As fans prepare for the live-action "Barbie" movie, the spotlight is on the unrelated "Barbie drug"

By Lisa Marie Basile | Fact-checked by Barbara Bekiesz
Published July 20, 2023

Key Takeaways

  • People looking to get tan buy the “Barbie drug” online. The drug refers to melanotan types I and II, a synthetic hormone that stimulates melanin. 

  • Melanotan type I was approved by the FDA for use in adult patients with erythropoietic protoporphyria. Melanotan II is not endorsed or regulated by the FDA. 

  • These drugs go by several different names, and they can pose risks to human health.

This summer, your patients may ask about the so-called tanning “Barbie drug” or melanotan. On the heels of the new Barbie movie release and the many aesthetic trends it’s inspired, melanotan is coming up in conversation more and more, as it’s thought to give its user tan, glowing skin—a la Barbie.  

With so many Americans tanning outdoors intentionally (and millions going to tanning salons—increasing melanoma risk by 75% after just one session before age 35), it’s no surprise people are looking for an easy, quick-fix tanning drug. However, these drugs are dangerous and shouldn’t be used to tan the skin.[][]

What is melanotan?

There are two types of melanotan—melanotan I and melanotan II- synthetic peptide analogs of alpha-melanocyte-stimulating hormone. “Melanotan 2 is a shorter cyclic variant of melanotan 1 that was developed in the 1990s,” according to researchers writing in Dermatology Practical & Conceptual.[] 

The researchers explain the origin of the “Barbie drug” name for melanotan 2:, “Melanotan 2 was found to increase skin pigmentation at lower cumulative doses than melanotan 1. Because of these effects (skin tanning, weight reduction due to suppressed appetite and penile erections), melanotan 2 became known as the ‘Barbie drug.’”

The FDA approved melanotan I—marketed as Scenesse—in 2019 as a treatment for adult patients with a history of phototoxic reactions (damage to skin) from erythropoietic protoporphyria (EPP). The drug works by increasing “pain-free light exposure,” says the FDA.[]

EPP is a type of porphyria. Porphyrias  are rare disorders affecting the skin or nervous system that lead to an accumulation of protoporphyrins in a patient’s red blood cells. Normally, protoporphyrins change into heme, but this fails to occur in patients with porphyria. This failure leads to photosensitivity and can lead to other conditions, like liver disease.[][]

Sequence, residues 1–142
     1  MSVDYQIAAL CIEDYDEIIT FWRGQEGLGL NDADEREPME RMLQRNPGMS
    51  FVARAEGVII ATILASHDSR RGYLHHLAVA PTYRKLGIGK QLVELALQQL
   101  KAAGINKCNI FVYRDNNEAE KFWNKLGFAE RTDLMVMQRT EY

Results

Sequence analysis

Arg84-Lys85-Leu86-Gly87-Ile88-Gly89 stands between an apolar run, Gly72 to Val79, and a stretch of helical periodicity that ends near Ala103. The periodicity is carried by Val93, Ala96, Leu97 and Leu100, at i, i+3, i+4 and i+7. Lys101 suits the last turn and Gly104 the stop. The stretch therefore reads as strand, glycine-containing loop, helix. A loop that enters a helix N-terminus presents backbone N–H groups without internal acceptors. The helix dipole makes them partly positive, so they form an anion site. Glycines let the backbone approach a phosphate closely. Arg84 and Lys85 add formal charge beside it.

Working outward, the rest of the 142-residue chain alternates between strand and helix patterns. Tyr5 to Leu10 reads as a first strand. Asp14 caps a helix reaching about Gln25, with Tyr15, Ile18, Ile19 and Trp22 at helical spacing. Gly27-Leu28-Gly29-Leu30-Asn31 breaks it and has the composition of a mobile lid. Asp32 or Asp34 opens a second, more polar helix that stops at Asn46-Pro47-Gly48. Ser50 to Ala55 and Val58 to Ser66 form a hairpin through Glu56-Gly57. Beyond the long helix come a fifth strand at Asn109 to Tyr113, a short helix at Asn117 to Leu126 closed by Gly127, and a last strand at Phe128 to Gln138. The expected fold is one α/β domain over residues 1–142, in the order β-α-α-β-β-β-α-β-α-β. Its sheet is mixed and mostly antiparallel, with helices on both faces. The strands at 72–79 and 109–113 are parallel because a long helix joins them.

Melanotan II is not approved for tanning nor regulated by the FDA. “Melanotan II is an illicit drug,” says Kelly Johnson-Arbor, MD, FACEP, FUHM, FACMT, medical toxicologist, co-medical director, and interim executive director at the National Capital Poison Center. “Melanotan II is often marketed online as a tanning agent, but it also carries side effects, including painful and prolonged erections.”[]

Today, people are buying the drug online—and searching for “melanotan I,” “melanotan II,” “afemelanotide,” “tanning peptides,” “tanning injections,” “Barbie drug,” and “tanning jab” in order to find it. 

News reports from last year reveal that TikTok users were buying tanning nasal sprays claiming to be made from melanotan I or melanotan II. The FDA has tried to crack down on illegal sales of these types of drugs, but the issue continues.[][]

For example, in Australia, people peddling the drugs—claiming they can offer a tan without the risk of melanoma—are finding loopholes around legislation banning advertising of melanotan II. 

However, the risk is real. According to Journal Of Case Reports: Clinical & Medical, “Numerous case reports of melanoma, eruptive nevi, and atypical nevi appearing after initiation of melanotropic peptides therapy have been reported.”[]  

“Melanotan II is associated with significant concerning side effects,” Dr. Johnson-Arbor says. “These include painful erections, drowsiness, and compulsive yawning. Melanotan I (afamelanotide) is not associated with sexual side effects, but people who use the medication may experience nausea, vomiting, headaches, and facial flushing in addition to increased skin pigmentation.” 

In the end, Dr. Johnson-Arbor urges healthcare providers to warn their patients about the Barbie drug.  “The safety and effectiveness of melanotan I as a skin tanning agent have not been extensively studied in healthy individuals, and it should not be used for cosmetic purposes,” she says. “And while melanotan I may be useful for people with certain medical conditions, it should only be used as prescribed. Melanotan II is an illicit drug that has no proven medical benefits in humans and is associated with significant risks.”

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